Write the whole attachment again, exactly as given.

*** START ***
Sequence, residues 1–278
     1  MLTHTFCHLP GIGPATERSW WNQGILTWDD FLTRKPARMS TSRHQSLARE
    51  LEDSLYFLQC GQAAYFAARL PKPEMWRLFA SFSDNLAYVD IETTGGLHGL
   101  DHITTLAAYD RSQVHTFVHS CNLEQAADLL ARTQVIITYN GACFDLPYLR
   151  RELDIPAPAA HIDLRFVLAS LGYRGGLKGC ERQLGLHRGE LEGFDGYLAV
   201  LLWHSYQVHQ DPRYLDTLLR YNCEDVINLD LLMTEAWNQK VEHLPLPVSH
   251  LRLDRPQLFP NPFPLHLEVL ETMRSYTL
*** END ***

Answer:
Sequence, residues 1–278
     1  MLTHTFCHLP GIGPATERSW WNQGILTWDD FLTRKPARMS TSRHQSLARE
    51  LEDSLYFLQC GQAAYFAARL PKPEMWRLFA SFSDNLAYVD IETTGGLHGL
   101  DHITTLAAYD RSQVHTFVHS CNLEQAADLL ARTQVIITYN GACFDLPYLR
   151  RELDIPAPAA HIDLRFVLAS LGYRGGLKGC ERQLGLHRGE LEGFDGYLAV
   201  LLWHSYQVHQ DPRYLDTLLR YNCEDVINLD LLMTEAWNQK VEHLPLPVSH
   251  LRLDRPQLFP NPFPLHLEVL ETMRSYTL